In the mid 1990s there was a flap about human capital investment and the Asian Tigers. One scholar, I've forgotten who, noted that the GDP per capita of the Asian NICs all tended to line up in order of entry into the industrialization and remain in that same relationship, with South Korea bringing up the rear. If this holds up, and I see no reason why it shouldn't, China will never pass Korea. It will still have a larger overall GDP than America's, and a larger number of people with excess money to spend, but most of China's people are doomed to remain poor. Of course, that assumes that China will continue growing and obtaining needed resources....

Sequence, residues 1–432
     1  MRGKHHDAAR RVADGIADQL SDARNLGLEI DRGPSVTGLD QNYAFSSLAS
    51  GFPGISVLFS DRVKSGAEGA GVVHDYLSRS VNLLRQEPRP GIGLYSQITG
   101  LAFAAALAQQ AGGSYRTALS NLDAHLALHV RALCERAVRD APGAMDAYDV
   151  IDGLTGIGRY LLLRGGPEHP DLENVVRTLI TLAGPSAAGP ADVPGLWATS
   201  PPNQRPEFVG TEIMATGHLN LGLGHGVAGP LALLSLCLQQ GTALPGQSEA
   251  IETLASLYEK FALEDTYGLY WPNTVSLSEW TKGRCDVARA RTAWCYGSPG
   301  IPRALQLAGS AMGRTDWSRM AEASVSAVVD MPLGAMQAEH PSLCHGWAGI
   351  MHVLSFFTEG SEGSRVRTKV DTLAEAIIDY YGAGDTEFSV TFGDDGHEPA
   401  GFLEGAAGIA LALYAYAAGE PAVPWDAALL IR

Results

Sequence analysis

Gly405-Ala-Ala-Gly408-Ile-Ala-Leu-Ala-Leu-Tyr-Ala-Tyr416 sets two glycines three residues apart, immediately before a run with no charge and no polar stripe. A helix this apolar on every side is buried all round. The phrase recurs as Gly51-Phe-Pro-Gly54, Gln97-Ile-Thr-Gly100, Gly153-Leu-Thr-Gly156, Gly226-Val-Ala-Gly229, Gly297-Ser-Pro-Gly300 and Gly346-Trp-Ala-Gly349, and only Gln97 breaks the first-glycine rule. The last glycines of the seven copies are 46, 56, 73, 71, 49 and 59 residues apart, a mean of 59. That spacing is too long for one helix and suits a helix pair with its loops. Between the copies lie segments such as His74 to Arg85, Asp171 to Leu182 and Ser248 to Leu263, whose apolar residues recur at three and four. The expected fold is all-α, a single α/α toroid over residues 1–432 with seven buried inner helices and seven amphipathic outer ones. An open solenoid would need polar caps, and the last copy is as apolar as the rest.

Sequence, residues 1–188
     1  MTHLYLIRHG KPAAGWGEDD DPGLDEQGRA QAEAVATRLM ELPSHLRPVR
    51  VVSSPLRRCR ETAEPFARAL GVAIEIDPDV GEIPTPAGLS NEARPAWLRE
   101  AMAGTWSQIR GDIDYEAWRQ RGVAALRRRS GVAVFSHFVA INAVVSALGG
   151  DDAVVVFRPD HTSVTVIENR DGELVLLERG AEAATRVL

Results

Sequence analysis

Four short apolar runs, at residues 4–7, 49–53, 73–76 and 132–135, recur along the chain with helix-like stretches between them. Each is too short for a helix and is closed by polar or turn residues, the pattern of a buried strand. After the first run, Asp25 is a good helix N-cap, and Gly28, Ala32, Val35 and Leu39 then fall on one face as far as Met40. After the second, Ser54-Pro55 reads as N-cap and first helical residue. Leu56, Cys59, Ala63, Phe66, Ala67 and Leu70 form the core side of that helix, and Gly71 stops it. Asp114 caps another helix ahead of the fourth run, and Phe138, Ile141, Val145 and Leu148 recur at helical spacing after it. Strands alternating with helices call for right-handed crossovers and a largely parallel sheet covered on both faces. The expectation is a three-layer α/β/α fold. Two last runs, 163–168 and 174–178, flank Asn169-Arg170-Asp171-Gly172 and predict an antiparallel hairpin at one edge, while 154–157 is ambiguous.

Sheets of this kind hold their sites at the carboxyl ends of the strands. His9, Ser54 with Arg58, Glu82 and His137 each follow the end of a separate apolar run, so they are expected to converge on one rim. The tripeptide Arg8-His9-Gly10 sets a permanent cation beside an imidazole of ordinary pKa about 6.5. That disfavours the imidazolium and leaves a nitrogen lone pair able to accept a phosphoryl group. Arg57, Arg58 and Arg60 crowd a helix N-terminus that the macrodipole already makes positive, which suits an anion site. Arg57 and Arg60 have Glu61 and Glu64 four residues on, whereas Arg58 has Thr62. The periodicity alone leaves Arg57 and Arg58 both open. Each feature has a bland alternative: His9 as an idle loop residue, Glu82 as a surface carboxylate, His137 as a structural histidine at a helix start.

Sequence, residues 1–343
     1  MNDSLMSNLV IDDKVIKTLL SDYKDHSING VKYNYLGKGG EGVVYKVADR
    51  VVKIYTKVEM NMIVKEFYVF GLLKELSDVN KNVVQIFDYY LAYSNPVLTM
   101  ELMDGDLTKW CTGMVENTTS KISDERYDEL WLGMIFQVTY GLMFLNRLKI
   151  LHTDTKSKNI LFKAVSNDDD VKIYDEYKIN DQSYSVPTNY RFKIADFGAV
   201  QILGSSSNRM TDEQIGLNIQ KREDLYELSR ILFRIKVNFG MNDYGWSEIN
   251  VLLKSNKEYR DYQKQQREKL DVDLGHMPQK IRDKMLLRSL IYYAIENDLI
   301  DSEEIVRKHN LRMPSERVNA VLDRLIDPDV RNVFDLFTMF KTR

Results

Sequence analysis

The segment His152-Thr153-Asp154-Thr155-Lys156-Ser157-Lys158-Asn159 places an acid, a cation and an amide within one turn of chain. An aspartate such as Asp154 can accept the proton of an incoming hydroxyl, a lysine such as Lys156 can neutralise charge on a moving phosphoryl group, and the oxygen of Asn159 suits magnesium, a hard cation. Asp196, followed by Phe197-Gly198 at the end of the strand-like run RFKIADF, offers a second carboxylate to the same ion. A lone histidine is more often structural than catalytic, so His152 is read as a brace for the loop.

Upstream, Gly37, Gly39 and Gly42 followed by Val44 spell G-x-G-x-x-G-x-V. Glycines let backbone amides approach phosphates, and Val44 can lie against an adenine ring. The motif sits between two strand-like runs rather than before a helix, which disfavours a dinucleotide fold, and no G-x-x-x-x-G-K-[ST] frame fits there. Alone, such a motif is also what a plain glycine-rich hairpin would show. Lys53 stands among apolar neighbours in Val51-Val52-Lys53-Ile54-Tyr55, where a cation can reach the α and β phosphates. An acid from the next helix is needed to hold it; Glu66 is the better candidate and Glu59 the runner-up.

One thing that Japan and Taiwan benefitted from land reform, which gave smallholders a stake in the new economy. Private ownership of land does not really exist in China. Taiwan's industrialization was accomplished by transferring resources from agriculture to industry -- see former President Lee Teng-hui's landmark Intersectoral Capital Flows in the Economic Development of Taiwan 1895-1960 for the statistical analysis of the unequal pricing schemes for agricultural goods and industrial goods in Taiwan. Essentially, the colonizers Japan and the KMT both set agricultural prices too low and industrial goods too high, resulting in transfers of $$ out of farmers' hands and into industry. The KMT was more successful in this policy than its Japanese predecessors (see the great book by Ka on Japanese colonial policy in Taiwan, Japanese Colonialism in Taiwan: Land Tenure, Development, and Dependency, 1895-1945). Ho's classic The Economic Development of Taiwan 1860-1970 is another good source on how agriculture was squeezed to support industry. As agriculture declined throughout the 1960s, Taiwanese farmers turned to export industries to support themselves, and their children migrated to factories in Taipei, where they picked up skills from Japanese and US firms, and then brought them home. Without land ownership, how will Chinese farmers duplicate the experience of farmers in Japan and Taiwan? Moreover, in both Japan and Taiwan, farmers have been a source of support for the conservative parties who funneled money to them in the form of subsidies and construction projects. How can China's government reproduce this stability without land ownership?